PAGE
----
Brookhaven, GA – Some of the issues the City of Brookhaven’s Public Works department faces constantly are pothole repairs and pavement problems – mostly caused by deteriorating roadways together with an abundance of rainfall. With Winter now in full swing and forecasts showing freezing temperatures, adding ice to the mix and the potential for potholes to develop increases.
FYI, in 2013 our area received 16 inches of rain above the normal amount of 49.71 inches annually for a total amount of 66.02 inches. Remember the floods of 2009? The rainfall total was just 3.5 inches more that year than this year. Point being, it’s been unusually wet and some of our road conditions show the signs.
What causes potholes and how are they repaired?
Most people say, “I just want them fixed, I don’t care how they got there.” Yep. Us too. But, for those of you who want to know more about what causes most potholes and to understand what it takes to repair them, read on. Those of you who don’t want the gory details, go directly here to report ones you’ve spotted to Public Works.
It’s more than a hole in the pavement that magically appeared
Most potholes are formed due to fatigue of the road surface. As fatigue fractures develop they typically interlock in a pattern known as crocodile cracking. The chunks of pavement between fatigue cracks are worked loose and may eventually be picked out of the surface by continued wheel loads, thus forming a pothole.
Brookhaven’s Public Works Director Richard Meehan shared with The Post, “The amount of rainfall has had a significant effect on the number of potholes that have appeared. Potholes in this region are mainly caused by water seeping into the roadway sub-base, weakening the sub-base, which then cannot support the pavement above it. The heavy amount of rainfall this past year has accelerated the weakening of the pavement to the point of failure on many of the roads that were already in poor condition.”
In Winter, the formation of potholes is exacerbated by low temperatures, as water freezes it expands and puts greater stress on an already cracked pavement or road. That expansion, pushes out some of the dirt and gravel, leaving a hole when the water eventually melts. Drivers continue to drive over these unseen holes, putting even more stress on the thin asphalt layer covering them. Eventually, the asphalt layer over these divots collapses, leaving holes in the roadway.
So what are the ways to repair them?
Road maintenance crews generally have two different ways of fixing the damage. During the winter months, potholes receive what is known as a cold winter mix. This is a temporary fix consisting of a soft asphalt poured into the holes after they have been cleared of debris. A layer of gravel may be added to increase strength and stability, but the damage is often expected to reappear by spring.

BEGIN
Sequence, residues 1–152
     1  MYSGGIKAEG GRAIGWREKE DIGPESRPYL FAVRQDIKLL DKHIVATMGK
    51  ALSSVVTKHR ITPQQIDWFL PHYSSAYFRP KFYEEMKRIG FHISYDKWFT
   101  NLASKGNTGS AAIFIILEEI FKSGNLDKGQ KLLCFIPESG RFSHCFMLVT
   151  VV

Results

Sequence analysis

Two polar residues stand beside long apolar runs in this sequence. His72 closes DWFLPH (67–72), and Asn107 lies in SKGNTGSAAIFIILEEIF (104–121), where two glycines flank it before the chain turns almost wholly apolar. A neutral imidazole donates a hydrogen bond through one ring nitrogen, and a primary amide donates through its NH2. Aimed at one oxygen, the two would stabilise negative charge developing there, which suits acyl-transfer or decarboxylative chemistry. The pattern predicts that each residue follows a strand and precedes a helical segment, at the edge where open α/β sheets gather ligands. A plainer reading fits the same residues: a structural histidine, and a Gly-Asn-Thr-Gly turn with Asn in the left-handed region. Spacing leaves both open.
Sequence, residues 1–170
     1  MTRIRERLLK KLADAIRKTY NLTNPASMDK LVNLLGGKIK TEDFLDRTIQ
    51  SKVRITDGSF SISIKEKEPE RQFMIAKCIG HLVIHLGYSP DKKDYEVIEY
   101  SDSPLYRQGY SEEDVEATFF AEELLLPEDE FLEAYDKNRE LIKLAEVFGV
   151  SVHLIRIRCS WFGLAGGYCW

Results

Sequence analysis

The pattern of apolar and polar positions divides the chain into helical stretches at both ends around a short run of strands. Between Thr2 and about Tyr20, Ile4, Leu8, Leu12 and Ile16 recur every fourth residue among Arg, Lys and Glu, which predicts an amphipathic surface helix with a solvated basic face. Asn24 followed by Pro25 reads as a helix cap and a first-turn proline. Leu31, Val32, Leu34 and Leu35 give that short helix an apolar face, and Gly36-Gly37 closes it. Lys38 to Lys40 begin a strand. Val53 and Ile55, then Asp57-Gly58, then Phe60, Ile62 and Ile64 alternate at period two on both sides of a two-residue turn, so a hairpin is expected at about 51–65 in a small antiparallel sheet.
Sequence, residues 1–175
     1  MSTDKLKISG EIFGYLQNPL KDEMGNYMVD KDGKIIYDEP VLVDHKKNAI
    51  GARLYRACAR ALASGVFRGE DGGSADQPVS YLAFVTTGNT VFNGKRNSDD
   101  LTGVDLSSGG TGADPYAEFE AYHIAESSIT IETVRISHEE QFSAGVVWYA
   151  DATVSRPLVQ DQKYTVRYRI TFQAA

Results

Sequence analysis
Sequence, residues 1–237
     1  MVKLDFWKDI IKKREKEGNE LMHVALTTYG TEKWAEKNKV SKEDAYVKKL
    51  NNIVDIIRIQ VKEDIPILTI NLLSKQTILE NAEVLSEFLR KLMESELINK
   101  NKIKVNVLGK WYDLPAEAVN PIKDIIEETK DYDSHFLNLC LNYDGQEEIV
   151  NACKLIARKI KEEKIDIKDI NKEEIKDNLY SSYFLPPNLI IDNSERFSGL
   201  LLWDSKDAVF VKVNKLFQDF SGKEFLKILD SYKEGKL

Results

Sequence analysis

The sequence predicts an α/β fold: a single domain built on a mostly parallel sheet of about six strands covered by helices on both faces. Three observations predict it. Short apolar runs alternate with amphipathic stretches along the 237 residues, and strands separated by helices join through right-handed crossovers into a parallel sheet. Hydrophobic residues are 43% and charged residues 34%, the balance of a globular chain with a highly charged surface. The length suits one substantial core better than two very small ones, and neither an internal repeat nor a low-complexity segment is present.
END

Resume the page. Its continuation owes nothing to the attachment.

A more permanent fix is called a hot summer mix. This combination of road grade asphalt and aggregate is designed to last for years, but it can only be applied during dry, warm weather. When road crews use a hot summer mix, they often reroute traffic around the work site and spend more time preparing the road surface for the patch. The finished layer of new asphalt is usually compacted to match the level of the road, making it nearly invisible.
“In cold weather, we are still able to make temporary repairs to potholes using a cold patch asphalt. Generally, the hot mix asphalt that is needed for permanent patching is not available from the plants in the winter (Jan/Feb). Depending on the size of the hole and the condition of the base, and the amount of traffic on the road, these cold patch repairs can last for a year or more. When we make a repair using cold patch, we will continue to monitor the location afterwards, and make a permanent patch if needed when the weather gets warmer (usually after March 1),” said Meehan.
When is the city going to get busy paving our streets?
The city has been anxious to get started with some street paving, although the wet weather and cold temperatures have put a kink in that plan.
Meehan says the city is wrapping up a longer range plan and hopes to begin in Spring. “We will be finalizing city paving plans for 2014 and for the next 3-5 years with the City Council in the first quarter of the year. We plan to issue an RFP for 2014 road paving in early Spring. We hope to begin paving in mid to late Spring and continue work throughout the Summer.”
Be on the lookout and file a report.
Over the next few days temperatures will dip significantly below freezing, after another bout of rain. Be on the lookout as you make your way around for potholes that exist to potentially expand and new ones to dodge until Public Works can get to them.
To report a pothole or adverse roadway condition, remember to utilize the SeeClickFix system to create a report with Public Works.
**Sources: wiseGeek, NWS, Wikipedia